The Turin Horse
(A torinói ló)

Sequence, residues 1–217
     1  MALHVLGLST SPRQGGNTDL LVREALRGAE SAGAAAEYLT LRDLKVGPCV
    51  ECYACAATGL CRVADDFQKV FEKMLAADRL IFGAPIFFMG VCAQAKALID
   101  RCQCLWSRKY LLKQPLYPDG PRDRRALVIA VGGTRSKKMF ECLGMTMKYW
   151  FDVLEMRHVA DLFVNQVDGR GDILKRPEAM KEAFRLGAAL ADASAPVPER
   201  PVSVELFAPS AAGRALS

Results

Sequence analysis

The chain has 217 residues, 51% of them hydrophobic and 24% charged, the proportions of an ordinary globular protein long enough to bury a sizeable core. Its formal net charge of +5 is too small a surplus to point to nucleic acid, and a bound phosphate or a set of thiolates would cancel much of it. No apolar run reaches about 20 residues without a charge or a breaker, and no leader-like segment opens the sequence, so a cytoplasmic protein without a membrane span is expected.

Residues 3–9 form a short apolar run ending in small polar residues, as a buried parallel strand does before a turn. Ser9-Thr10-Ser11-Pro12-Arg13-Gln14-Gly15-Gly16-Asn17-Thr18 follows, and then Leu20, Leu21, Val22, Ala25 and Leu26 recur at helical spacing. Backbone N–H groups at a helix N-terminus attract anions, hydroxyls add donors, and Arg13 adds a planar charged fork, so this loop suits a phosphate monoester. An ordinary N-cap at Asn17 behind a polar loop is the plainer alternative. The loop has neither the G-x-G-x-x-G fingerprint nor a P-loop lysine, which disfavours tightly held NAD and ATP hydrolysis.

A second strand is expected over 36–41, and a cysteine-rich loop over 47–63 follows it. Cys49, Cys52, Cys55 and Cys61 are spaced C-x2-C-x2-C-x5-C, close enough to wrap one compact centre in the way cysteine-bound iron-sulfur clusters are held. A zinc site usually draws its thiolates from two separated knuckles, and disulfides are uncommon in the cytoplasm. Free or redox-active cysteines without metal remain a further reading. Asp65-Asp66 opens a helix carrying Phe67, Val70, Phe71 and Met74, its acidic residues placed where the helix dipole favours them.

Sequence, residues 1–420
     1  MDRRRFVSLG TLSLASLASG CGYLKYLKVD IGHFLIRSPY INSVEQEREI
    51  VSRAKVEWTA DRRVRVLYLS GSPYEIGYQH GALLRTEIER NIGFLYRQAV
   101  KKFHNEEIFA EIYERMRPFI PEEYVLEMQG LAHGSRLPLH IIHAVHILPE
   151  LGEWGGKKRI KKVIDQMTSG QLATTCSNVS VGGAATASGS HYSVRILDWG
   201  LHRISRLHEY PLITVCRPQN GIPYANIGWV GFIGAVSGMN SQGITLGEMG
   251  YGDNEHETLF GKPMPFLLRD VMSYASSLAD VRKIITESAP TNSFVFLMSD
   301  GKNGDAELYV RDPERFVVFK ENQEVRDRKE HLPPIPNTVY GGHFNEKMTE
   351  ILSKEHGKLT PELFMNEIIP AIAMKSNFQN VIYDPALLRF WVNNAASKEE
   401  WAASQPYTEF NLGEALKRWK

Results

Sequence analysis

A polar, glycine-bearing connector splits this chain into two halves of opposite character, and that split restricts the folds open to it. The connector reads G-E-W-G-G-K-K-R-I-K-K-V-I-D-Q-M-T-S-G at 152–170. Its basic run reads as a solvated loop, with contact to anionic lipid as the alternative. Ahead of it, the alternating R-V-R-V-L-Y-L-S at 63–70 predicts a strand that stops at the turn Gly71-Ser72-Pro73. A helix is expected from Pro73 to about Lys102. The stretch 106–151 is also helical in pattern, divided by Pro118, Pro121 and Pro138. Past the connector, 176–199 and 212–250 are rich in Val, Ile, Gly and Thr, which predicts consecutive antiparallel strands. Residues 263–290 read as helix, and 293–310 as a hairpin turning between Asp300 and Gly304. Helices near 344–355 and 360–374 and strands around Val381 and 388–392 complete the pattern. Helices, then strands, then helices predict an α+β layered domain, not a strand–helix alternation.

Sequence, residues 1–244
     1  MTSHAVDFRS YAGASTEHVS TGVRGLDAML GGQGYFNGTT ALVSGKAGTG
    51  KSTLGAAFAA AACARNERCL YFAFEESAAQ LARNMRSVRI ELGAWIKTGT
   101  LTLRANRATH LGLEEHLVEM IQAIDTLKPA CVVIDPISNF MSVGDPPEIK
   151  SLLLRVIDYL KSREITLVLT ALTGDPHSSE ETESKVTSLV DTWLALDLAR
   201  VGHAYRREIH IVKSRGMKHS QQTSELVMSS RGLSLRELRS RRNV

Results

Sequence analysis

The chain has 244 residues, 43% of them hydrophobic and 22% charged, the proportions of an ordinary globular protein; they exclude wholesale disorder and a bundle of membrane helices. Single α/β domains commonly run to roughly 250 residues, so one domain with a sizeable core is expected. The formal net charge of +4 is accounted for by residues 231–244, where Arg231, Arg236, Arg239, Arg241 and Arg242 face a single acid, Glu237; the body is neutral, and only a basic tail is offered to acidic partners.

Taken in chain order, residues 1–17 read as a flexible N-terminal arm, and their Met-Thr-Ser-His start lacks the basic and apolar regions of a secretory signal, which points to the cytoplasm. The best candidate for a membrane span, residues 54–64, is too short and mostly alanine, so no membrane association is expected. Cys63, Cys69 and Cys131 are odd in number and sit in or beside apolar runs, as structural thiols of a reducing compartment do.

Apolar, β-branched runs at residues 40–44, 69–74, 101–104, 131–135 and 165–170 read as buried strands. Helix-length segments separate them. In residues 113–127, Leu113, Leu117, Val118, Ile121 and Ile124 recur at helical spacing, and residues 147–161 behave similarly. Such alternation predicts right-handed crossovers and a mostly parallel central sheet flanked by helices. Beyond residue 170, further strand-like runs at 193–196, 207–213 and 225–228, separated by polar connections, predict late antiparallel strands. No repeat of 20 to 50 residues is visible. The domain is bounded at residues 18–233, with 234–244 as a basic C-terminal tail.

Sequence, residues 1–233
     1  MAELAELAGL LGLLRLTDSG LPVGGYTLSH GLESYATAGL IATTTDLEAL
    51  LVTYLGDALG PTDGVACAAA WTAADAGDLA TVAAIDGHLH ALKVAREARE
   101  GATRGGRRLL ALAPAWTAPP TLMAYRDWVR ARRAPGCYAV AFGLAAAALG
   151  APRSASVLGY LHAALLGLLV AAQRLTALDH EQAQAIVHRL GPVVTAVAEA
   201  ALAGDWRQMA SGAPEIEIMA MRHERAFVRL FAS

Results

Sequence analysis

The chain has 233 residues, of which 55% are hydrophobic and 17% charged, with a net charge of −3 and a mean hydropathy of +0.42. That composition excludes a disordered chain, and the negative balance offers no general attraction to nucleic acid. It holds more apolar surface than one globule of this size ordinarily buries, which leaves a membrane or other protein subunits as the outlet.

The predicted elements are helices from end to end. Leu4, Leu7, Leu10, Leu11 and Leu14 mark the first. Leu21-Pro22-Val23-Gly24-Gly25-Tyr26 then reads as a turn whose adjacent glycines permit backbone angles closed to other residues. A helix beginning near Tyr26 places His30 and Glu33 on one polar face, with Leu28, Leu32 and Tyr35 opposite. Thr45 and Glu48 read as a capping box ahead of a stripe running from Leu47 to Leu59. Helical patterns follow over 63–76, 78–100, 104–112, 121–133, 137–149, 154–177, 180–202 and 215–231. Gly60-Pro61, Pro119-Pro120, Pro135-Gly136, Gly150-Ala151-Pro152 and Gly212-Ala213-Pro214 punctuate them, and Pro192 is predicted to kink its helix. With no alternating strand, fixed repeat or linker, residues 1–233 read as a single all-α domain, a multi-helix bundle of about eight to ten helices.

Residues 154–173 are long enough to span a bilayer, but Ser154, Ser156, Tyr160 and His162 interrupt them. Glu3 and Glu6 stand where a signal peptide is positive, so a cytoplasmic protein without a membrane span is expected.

There are certain things in life that are extremely difficult to define. The Turin Horse, which won the 2011 Jury Grand Prize at the Berlin International Film Festival, is one of these indefinable things; a patience testing two-and-a-half hour work of art that straddles the line between the sublime and the monotonous. Directed by Hungarian auteur Béla Tarr (best known for 1994’s 7-hour epic Sátántangó), this isn’t a movie for those who like plot, character development, or even incident. In fact, this probably isn’t a movie for nearly anyone aside from Béla Tarr junkies or followers of art-house cinema. What follows is a black and white exercise in mood in which the director uses long takes, endless steadicam camera moves, elegant compositions, and a droning score by Mihály Víg to focus on the minimalistic life of a farmer and his daughter living in an isolated cabin. Things unfolds in a series of mundane activities—dressing, eating boiled potatoes, fetching water from a well, sitting placidly in front of windows—all the while a ravage windstorm grows increasingly violent with each passing day. Likely to be a polarizing effort in which audiences can claim “nothing happens”, The Turin Horse (which is reportedly Tarr’s final film) is instead a movie in which everything is happening all the time, only the two characters cannot fully understand the implications of the storm brewing outside because they are trapped inside an existence of routine. If one is able to get on the movie’s wavelength, (cinephiles will especially appreciate the breathtaking cinematography and Tarr’s supreme command with the camera), there are rewards to be had in the elegiac pacing and dazzling use of mise-en-scène.
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